The acceptance of medical marijuana has become a game changer in the lives of so many. From arthritis in the elderly to anxiety in the working class, and even epilepsy in children.
But, being able to make access to medical cannabis available to any and all who need it or could benefit from it, will take an act of Congress (both literally and figuratively).
But getting it to the children, whose lives could drastically change for the better because of this powerful plant, is an even greater hurdle.
Breaking through stigma, one state at a time
For starters, there are still three states that don’t allow any form of cannabis use (Idaho, South Dakota, and Nebraska). The remaining 47 states place restrictions on use that vary wildly between each.
Those restrictions include limiting cannabis to medicinal purposes only, limiting medicinal products to only low THC, high CBD ratios, or restricting the number of medical conditions doctors are allowed to prescribe cannabis products to.
For instance, in North Carolina, patients can be prescribed CBD oil only if they have intractable epilepsy. Additionally, it can’t be administered by a caregiver.
Add the word “minor” to the equation and the laws only get more restrictive, confusing, and in many cases contradictory.
Finding a doctor that will prescribe it to your child is one issue, the other (and arguably greater) one is when and where cannabis can be administered to children. Because, in many states, the use or even possession of cannabis within so many feet of a school zone is illegal.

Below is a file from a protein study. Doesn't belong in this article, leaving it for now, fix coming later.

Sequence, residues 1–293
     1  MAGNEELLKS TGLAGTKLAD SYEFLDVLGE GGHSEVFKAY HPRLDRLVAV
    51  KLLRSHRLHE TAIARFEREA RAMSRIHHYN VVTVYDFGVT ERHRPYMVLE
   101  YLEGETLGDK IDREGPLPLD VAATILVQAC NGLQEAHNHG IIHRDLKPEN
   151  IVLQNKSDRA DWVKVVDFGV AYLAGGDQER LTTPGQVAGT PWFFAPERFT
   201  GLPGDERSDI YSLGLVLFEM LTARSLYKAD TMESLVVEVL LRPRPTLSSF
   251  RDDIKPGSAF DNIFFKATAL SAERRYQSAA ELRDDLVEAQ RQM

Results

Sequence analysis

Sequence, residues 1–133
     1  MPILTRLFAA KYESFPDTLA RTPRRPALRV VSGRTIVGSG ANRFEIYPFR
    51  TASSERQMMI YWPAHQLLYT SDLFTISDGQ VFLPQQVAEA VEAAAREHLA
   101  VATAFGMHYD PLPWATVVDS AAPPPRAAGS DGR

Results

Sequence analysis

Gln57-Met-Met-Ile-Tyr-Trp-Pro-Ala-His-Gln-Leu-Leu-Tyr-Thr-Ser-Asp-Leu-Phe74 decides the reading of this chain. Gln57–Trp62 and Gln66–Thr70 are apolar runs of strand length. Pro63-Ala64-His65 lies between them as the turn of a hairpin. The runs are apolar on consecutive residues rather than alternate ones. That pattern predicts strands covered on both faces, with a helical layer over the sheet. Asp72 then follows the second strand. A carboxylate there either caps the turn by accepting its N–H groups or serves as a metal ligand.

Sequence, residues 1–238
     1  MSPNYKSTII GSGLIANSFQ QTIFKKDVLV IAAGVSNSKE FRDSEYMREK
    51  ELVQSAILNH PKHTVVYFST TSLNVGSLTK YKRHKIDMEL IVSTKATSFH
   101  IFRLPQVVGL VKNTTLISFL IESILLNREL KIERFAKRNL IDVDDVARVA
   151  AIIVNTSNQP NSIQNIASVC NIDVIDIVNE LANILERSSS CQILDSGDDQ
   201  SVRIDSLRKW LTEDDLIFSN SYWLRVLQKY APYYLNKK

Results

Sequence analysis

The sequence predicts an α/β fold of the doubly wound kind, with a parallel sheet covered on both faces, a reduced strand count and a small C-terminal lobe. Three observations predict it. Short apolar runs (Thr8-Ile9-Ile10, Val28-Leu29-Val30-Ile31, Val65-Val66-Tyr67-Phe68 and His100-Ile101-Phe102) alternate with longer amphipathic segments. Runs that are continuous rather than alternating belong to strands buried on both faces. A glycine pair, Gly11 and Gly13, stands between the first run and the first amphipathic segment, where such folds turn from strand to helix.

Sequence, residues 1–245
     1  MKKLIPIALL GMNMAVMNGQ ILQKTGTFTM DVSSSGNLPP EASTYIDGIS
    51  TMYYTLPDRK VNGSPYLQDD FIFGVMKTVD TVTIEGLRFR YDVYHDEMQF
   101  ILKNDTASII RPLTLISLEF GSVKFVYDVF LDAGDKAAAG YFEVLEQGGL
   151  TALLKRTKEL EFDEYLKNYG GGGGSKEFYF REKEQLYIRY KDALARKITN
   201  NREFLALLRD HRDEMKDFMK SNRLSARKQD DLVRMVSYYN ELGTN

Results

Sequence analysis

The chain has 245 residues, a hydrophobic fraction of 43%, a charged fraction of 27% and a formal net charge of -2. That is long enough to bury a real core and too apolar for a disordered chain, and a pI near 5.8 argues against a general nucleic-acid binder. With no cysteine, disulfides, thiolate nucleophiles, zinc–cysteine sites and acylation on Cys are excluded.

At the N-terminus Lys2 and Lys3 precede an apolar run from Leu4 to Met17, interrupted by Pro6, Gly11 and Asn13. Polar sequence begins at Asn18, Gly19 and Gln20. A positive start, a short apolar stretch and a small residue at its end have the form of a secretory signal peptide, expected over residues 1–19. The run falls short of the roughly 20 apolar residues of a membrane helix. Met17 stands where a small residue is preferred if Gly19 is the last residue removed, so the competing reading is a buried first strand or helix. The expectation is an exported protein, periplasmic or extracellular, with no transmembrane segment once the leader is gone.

Ashley’s Law & the future of cannabis and kids
Where does all that leave kids with conditions like epilepsy, perinatal brain injuries, neuroblastoma, or behavioral conditions such as autism? Or what about mentally handicapped children prone to self-injurious behavior? All of which are conditions that research suggests cannabis products can help.
Well for kids in Illinois, things just got easier.
On August 1st, Illinois Governor Bruce Rauner signed a law that requires public schools to allow parents to administer medical cannabis products to their children, provided they have been legally prescribed the medication.
Parents can give their kids their medicine anywhere on school grounds or on the school bus.
The law does allow for the school to make some exceptions. Administrators can prevent parents from providing the medical cannabis product if they feel it is being exposed to other students, or if it is causing a “disruption to the school’s educational environment.”
The new regulation was dubbed “Ashley’s Law” after 12-year-old Hanover Highlands Elementary School student, Ashley Surin. Ashley’s doctors prescribed her a low THC, high CBD patch and a lotion to treat her epilepsy, a condition that was caused by the chemotherapy she received for leukemia.
Ashley’s parents say the medicine has eliminated her seizures, and that she’s gone from speaking one to two words at a time to using full sentences. For Ashley and kids like her, medical marijuana can mean the difference between thriving in school and being unable to even attend.
It took a federal lawsuit brought by Ashley’s parents, and a dispensation from the attorney general’s office, to get her permission to wear her patch and use her cannabidiol lotion in school.
Now Ashley’s Law will expand that permission to the other 279 kids and counting who qualify for medical marijuana treatments under Illinois law. Let’s hope this paves the way for other states to consider a more compassionate legal standard.
While this may be new ground in the legal cannabis world, the complex relationship between parent, child, and cannabis isn’t anything new. Family therapists recommend establishing a healthy and open dialogue between parents and their kids about cannabis in both a recreational and medical setting.